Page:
Pro-Bel Reports Building Owners/Property Managers Now Responsible for Anchorages for Window Cleaning - Cite Federal OSHA Final Rule

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Walking Working Surfaces Regulations now requires anchorages to be certified and prohibits window cleaning activities until proof in writing can be provided by the Building Owner.

Pro-Bel Roof Anchors

Anchorages must be identified, tested, maintained and certified at intervals of not greater than 10 years.

OSHA has released a long-awaited update to its standard on walking-working surfaces.

̴ Brent LaPorte, National Inspections Manager, Pro-Bel Enterprises Limited

On Friday November 18, 2016 the Federal Register published proposed amendments to the walking-working surfaces regulations.

The entire document is over 500 pages of explanations, tables, charts and the new regulations.

So what does it all mean and who does it affect?

The Regulation affects anyone in general industry that happens to be working on any surface, vertical or horizontal. So, in short, it affects us all.

The real question most building owners, property managers and employers should be asking is: "What does it all mean to me?"

This article will answer that, specifically with respect to the use of rope descent systems (RDS) and window cleaning.

OSHA has previously required the use of personal fall protection equipment whenever a worker was exposed to a fall hazard of 4' or greater. However, OSHA did not specifically address window cleaning, more specifically the use of RDS (rope descent systems).

Up until now these systems were regulated through a series of memorandums, letters of interpretation and by referencing other more stringent standards (ANSI - I-14).

OSHA has addressed this with amendments to the regulations which make the use of this common equipment more clear.

There are many sections to review and comment on, but the section below is the most pressing and will require planning, budgeting and implementing.

1910.27: Scaffolds and rope descent systems-

(a) Scaffolds. Scaffolds used in the general industry must meet the requirements in 29 CFR part 1926, subpart L (Scaffolds).

(b) Rope descent systems- (1) Anchorages. (i) Before any rope descent system is used, the building owner must inform the employer in writing that the building owner has identified, tested, certified and maintained each anchorage so it is capable of supporting at least 5,000 pounds (268 kg), in any direction, for each employee attached. The information must be based on an annual inspection by a qualified person and certification of each anchorage by a qualified person, as necessary, and at least every 10 years.

(ii) The employer must ensure that no employee uses any anchorage before the employer has obtained written information from the building owner that each anchorage meets the requirements of paragraph (b)(1)(i) of this section. The employer must keep the information for the duration of the job.

(iii) The requirements in paragraphs (b)(1)(i) and (ii) of this section must be implemented no later than November 20, 2017.

This small section of the regulations will have an impact on building owners, property managers and employers who utilize RDS as a means of maintaining their buildings- specifically window washing contractors.

The regulation language is quite strong in that it establishes that it is the building owner's responsibility to do the following, in writing, prior to any RDS being used:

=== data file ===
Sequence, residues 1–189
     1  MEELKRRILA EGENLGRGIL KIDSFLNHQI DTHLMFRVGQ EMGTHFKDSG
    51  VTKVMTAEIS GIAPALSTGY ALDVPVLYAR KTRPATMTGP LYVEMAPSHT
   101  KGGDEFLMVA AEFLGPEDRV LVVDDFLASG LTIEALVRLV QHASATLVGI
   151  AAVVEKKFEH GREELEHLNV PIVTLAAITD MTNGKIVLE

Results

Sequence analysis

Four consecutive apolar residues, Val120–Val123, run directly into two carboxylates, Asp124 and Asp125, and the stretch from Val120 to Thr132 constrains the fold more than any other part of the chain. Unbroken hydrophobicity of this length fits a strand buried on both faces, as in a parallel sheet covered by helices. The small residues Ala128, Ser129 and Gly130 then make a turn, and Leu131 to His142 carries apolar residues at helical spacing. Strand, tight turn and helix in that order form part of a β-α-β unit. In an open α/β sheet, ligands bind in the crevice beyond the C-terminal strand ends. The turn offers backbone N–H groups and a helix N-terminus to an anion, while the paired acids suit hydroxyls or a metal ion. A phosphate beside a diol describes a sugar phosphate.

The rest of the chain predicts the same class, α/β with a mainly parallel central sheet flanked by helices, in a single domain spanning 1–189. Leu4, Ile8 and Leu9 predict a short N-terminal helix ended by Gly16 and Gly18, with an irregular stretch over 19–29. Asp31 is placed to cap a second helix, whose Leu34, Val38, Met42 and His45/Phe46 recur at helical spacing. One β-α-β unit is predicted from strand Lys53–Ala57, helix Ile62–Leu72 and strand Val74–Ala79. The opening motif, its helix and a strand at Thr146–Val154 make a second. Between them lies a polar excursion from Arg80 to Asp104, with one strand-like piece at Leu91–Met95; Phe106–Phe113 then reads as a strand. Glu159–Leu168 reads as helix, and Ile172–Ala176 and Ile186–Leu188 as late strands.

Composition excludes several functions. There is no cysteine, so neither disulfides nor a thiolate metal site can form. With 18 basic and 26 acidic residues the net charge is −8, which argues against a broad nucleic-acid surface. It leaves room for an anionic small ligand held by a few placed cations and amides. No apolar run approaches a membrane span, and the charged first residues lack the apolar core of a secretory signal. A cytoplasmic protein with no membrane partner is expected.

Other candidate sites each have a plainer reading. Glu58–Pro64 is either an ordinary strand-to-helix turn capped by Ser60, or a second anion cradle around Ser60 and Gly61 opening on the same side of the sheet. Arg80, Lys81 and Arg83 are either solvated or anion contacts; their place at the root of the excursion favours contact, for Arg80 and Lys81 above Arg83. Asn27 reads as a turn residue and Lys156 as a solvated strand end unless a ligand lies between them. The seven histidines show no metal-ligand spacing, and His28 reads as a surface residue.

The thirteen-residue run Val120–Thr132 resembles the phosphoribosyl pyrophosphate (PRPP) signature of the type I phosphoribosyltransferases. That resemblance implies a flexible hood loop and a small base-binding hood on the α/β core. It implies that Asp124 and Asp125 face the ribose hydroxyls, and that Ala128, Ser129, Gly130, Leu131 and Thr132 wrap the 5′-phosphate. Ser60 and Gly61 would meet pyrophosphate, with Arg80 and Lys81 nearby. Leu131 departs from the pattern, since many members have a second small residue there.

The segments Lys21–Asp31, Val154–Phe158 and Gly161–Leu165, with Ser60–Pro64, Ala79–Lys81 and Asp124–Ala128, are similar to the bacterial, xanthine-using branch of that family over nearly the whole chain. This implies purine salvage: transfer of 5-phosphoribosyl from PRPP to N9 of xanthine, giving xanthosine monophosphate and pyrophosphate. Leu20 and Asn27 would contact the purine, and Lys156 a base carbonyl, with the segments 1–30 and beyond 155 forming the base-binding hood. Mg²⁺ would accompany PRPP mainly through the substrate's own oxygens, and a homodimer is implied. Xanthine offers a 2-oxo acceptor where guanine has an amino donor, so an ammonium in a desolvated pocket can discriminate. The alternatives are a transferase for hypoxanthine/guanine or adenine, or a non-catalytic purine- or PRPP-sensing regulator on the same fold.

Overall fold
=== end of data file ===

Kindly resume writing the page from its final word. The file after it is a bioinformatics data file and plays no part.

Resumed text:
1) Identify the anchorages- (via roof plan showing approved anchorages)

2) Test- (through load testing either in the manufacturing facility or in the field)

3) Certify- (based on inspection, calculations and/or testing)

4) Maintain- (correct any deficiencies during or immediately after annual inspection)

5) Recertify as necessary, at least every 10 years- (load test at the engineer of record's discretion)

Section (ii) then indicates that the employer (window washing contractor) must ensure that no employee uses any anchorages before the requirements above are met.

The last part of this section notes that this must be implemented no later than November 20, 2017; One year away.

Pro-Bel inspects and certifies almost 2000 buildings in the United States annually, however, many buildings where anchorages have been installed have not been inspected or certified in years.

There are other buildings which have no certified anchorages to speak of.

This regulation comes into effect in January 2017 and full compliance must be met by November 2017 so it would be wise to schedule the OSHA mandated annual inspections and 10 Year re-certification now.

Per Marc Lebel - CEO of Pro-Bel Enterprises and ANSI Board Member "Pro-Bel has a team of qualified technicians across the United States who can gather the information required to ensure that when it comes time to clean your windows, you can do so with the peace of mind that your anchorages are certified for use. If reviewed by an OSHA Inspector, it is important to have the correct paperwork to present so that you are not faced with a stop work order or fines. If you want to be ahead of the game it is important that you work with us at being proactive and schdule your inspection today."

"In the event that you do not have identifiable roof anchors Pro-Bel can help you there as well. Working with a reputable firm like Pro-Bel will ensure that you have a plan in place to identify and certify suitable anchorages." Alan Bell - VP Sales Pro-Bel Enterprises.

This regulation does have an impact on building owners, property managers and employers who are working at heights, on ladders or on any walking-working surface. Help is available to assist those affected in navigating this complicated legislation.

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Brent La Porte
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